The objective of the GBER is to declare compatible with the internal market—by reference to Article 107(3) of the Treaty and thus to exempt from the notification obligation under Article 108(3) of the Treaty—all individual aid and aid schemes which satisfy the conditions defined in the Regulation. By issuing the GBER, the Commission used its wide margin of discretion under Article 107(3) of the Treaty and established the criteria according to which the aid measures are deemed to be compatible with the internal market. However, as explained by the EU Courts in Freistaat Sachsen case law,13 the Commission has not exhausted its wide margin of discretion under Article 107(3) of the Treaty by issuing a GBER; it can always assess the compatibility of an aid measure with the internal market directly on the basis of the Treaty. In the Freistaat Sachsen case, the issue was in particular whether for notified aid measures that are not covered by a GBER, Commission guidelines or regulations are exhaustive or not for analysing the compatibility of those notified measures. The Commission had assessed the notification from Freistaat Sachsen for an aid scheme for SMEs on the basis of the 2001 GBER14 and directly on the basis of Article 107(3)(c) of the Treaty and found that some of the measures were not compatible with the internal market, because the aid intensities exceeded those of the GBER and because some of the measures (like export aid and operating aid) were excluded from the scope of the Regulation and in absence of any justification from Germany could not be found compatible with the internal market. The General Court explained that the purpose of the block exemption Regulation is to lay down the compatibility rules under Article 107(3) TFEU and to exempt from the notification obligation. However, this does not imply that the Commission may not examine the (p. 326) compatibility of another type of aid measure to SMEs directly on the basis of the Treaty. The General Court confirmed that the Commission may establish general implementation rules that structure its margin of discretion conferred by Article 107(3) of the Treaty, but it cannot deprive itself of its wide margin of discretion when analysing an individual case which is not covered by general implementation rules, such as block exemption regulations or guidelines. This discretion is therefore not exhausted by the adoption of such rules and there is in principle no obstacle to any individual assessment directly on the basis of the Treaty and outside these rules, provided that the Commission respects the primary law, such as the Treaty and the general principles of European law (such as equal treatment).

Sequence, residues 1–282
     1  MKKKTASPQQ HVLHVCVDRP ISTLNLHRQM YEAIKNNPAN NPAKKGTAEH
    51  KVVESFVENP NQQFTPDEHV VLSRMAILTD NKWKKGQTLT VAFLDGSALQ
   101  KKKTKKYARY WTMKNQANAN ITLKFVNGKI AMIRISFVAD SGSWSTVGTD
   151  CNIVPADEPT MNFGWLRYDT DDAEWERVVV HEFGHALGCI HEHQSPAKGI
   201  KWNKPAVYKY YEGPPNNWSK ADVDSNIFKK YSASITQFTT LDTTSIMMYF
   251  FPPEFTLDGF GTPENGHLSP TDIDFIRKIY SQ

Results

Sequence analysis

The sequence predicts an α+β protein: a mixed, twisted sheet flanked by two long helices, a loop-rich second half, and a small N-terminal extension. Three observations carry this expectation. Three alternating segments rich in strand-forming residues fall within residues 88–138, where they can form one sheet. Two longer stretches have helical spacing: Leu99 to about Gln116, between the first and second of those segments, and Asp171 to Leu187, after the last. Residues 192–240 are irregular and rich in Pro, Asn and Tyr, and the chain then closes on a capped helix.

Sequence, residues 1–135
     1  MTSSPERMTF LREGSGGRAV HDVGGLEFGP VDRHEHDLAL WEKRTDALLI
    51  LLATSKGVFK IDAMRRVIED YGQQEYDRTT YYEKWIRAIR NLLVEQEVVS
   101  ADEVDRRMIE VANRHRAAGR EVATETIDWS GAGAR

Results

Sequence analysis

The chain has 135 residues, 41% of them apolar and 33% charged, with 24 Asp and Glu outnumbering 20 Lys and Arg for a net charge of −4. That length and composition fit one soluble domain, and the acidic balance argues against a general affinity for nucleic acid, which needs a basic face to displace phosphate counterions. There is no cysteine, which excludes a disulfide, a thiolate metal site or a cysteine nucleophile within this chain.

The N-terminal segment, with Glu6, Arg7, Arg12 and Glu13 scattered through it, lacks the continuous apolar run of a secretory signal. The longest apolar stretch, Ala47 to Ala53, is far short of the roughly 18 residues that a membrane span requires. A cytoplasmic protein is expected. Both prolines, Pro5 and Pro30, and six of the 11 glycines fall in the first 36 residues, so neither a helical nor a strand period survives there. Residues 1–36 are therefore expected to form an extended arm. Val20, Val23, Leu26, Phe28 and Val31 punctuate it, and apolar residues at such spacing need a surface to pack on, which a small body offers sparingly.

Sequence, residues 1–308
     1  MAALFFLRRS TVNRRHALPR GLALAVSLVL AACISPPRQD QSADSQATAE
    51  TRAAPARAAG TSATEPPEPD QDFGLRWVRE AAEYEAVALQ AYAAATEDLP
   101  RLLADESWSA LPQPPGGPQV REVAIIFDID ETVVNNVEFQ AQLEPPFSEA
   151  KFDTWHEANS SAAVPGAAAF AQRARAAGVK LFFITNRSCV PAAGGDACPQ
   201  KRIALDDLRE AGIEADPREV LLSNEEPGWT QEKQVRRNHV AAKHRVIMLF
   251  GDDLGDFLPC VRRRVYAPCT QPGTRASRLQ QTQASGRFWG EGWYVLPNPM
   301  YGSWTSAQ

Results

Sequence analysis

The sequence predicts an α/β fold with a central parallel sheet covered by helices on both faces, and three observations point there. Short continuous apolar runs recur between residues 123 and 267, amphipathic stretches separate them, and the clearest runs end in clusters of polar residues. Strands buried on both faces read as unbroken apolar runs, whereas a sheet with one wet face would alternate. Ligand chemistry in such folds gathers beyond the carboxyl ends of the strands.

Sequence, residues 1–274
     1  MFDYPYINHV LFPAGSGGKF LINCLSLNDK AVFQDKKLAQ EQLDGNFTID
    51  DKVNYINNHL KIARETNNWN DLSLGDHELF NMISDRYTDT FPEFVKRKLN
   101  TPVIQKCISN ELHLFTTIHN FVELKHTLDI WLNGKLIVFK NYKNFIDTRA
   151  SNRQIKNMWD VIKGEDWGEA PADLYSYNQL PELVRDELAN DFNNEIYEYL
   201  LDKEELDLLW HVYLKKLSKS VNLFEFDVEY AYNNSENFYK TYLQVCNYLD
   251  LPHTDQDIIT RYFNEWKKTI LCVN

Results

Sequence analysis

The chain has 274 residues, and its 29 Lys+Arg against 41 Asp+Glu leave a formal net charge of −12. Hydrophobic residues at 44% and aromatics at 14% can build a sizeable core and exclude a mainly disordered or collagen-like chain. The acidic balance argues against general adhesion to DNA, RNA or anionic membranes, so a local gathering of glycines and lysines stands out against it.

The Commission ensures that the positive effects of the aid measures covered by the GBER outweigh the negative effects on the internal market through the design of the compatibility conditions and by laying down the necessary safeguards.

Section 2.  Safeguards to Ensure a Positive Balance of the Aid Exempted from Notification

While the Commission’s experience in applying the exceptions under Article 107 of the Treaty has allowed extending the scope of block exemptions, it has also revealed the necessity for strengthening transparency, monitoring, and proper evaluation of very large aid schemes in light of their effect on the competition within the internal market.

Therefore, the Commission introduced in the new GBER the necessary safeguards to ensure that the positive balance of the aid measures exempted from the notification obligation was maintained. The safeguards introduced in the new GBER refer to the obligation to publish individual grants above 500,000 euros on a public website and to evaluate the impact of very large schemes on the internal market. In addition, the Commission can withdraw the benefit of the GBER if a Member State has granted aid on the basis of the new GBER without respecting its conditions.

A.  Transparency

According to Article 9 of the GBER, Member States shall publish the text of the aid scheme, the summary information sheet regarding the aid scheme as sent to the Commission,15 and minimum information16 on individual aid above 500,000 euros on national or regional State aid websites. For fiscal aid schemes and risk finance it is required to publish individual aid only in ranges, in order to protect any business secrets. The information regarding the individual aid shall be published within six months from the date when the aid was granted or for fiscal aid within one year from the date the tax declaration was due.

By 1 July 2016 these State aid websites shall be in place. The transparency obligation goes hand in hand with the requirements of structural funds according to which the disbursement of the funds is published on the website of the managing authorities. This should facilitate the implementation of the new requirements. In ten Member States17 there are (p. 327) already State aid registries or de minimis registries that could be adapted to ensure compliance with the new requirements of the GBER.

It is worth underlying that the transparency requirement is a compatibility condition and all individual aids exceeding 500,000 euros granted after 1 July 2016 must be published on the State aid website of the Member State in order to be covered by the new GBER.

B.  Evaluation